156 [The narrator’s] perception of the old man is based on a likely false assumption that walking around a city at night in a suspicious manner means you are a criminal. [It seems the narrator’s conclusion is that he’ll never learn the secrets of this man’s heart.] While David’s comment here is not exactly heaping praise upon Nick’s argument, it is significant nonetheless because it demonstrates that Nick, in his first piece of writing, was able to generate a dialogical response from the instructor that was interactive in nature. The writing assignments that followed demonstrated even more dialogical responses, and by the second writing sequence of the quarter, Nick was regularly receiving comments from David that indicated clear interaction between Nick’s writing and David’s feedback. Even more illuminating, many of these “dialogical” comments, along with many of the “evaluative” comments, corresponded to higher levels of intertextuality, showing that Nick was able to elicit responses from David that indicated that his writing was successfully evoking and echoing the instructive texts in certain places. Because there was evidence of Nick’s ability to elicit intertextual responses from David right away in his writing rather than gradually through trial and error (as seemed the case for the other students in this study), it can be argued that Nick was indeed successfully applying tactics he used from high school in writing the essays for English 116. In fact, in looking at all six of Nick’s essay samples, the same pattern of feedback from David is apparent across the board: a blend of the four types of comments corresponding to different levels of intertexuality with several examples of higher-level “evaluative” and “dialogical” responses present here and there. In other words, intertextual analysis reveals that there does not seem to be a noticeable change either in Nick’s writing or his attitude about writing throughout the quarter. It can be deduced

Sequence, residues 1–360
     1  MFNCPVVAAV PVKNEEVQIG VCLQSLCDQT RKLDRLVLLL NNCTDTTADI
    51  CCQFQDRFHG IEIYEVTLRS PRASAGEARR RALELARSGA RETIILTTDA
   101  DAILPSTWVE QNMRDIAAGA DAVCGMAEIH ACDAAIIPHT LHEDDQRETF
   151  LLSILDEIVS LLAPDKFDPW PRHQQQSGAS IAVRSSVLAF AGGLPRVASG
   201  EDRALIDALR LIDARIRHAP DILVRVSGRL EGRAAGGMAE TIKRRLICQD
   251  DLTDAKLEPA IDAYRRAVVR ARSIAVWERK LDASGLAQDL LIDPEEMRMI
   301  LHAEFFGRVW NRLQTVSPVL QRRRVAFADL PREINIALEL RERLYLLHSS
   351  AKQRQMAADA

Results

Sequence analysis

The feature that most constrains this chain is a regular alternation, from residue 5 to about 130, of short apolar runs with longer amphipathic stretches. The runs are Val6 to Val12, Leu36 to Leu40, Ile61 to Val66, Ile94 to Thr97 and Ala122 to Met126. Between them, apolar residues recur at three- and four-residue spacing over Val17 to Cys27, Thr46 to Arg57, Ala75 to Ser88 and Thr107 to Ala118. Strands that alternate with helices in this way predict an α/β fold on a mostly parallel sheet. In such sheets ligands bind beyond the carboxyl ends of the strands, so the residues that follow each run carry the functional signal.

157 from this observation, then, that Nick did enter the class with a certain set of tools that he put to use to successfully pursue institutional success in the class. In his own words at the end of the quarter, however, Nick felt that he had actually learned very little in English 116: I felt I knew most of the stuff from high school. So, for me, it was just like, pick up where I left off a year and a half ago, so I mean I was rusty, but it’s not like it was a new idea. Whereas, in math, I had no clue to what was going on unless I absolutely keep up. (FGI) Thus, Nick felt English 116 was simply old hat. In one regard, it can be said that his experience was one defined largely by success. This is reflected in both Nick’s consistently confident attitude that I observed throughout the quarter and in the feedback from David that interacted with his ideas and communicated to him that his writing was effectively meeting the course outcomes. This success is also confirmed in the A that Nick received as a final grade. David commented that Nick’s A represented the highest score in the class that quarter. Knowing this, I find it especially significant that Nick felt he had not learned anything new in taking the class. Kristen: “I Guess I Use a Different Style of Writing” Kristen’s experience in English 116 was largely defined by frustration. Interestingly, while Kristen did not find the stories in the class challenging, the detective story genre would eventually be an ironic source of conflict for Kristen in taking the class. Kristen had grown up reading Nancy Drew stories and associated her positive memory of reading these stories with the detective stories she was required to read in English 116. She explained that she “loved” this genre of literature and was pleasantly surprised to find that the class would focus on these kinds of stories, especially since she had, until then, thought of detective stories about characters like Sherlock Holmes as “little children’s novel[s]” (IGI).